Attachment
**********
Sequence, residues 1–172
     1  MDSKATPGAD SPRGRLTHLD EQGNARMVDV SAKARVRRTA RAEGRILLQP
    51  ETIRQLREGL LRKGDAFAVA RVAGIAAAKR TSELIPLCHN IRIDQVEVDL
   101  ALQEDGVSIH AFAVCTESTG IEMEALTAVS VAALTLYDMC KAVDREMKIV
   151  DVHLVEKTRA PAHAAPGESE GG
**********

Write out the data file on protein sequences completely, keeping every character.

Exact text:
Sequence, residues 1–172
     1  MDSKATPGAD SPRGRLTHLD EQGNARMVDV SAKARVRRTA RAEGRILLQP
    51  ETIRQLREGL LRKGDAFAVA RVAGIAAAKR TSELIPLCHN IRIDQVEVDL
   101  ALQEDGVSIH AFAVCTESTG IEMEALTAVS VAALTLYDMC KAVDREMKIV
   151  DVHLVEKTRA PAHAAPGESE GG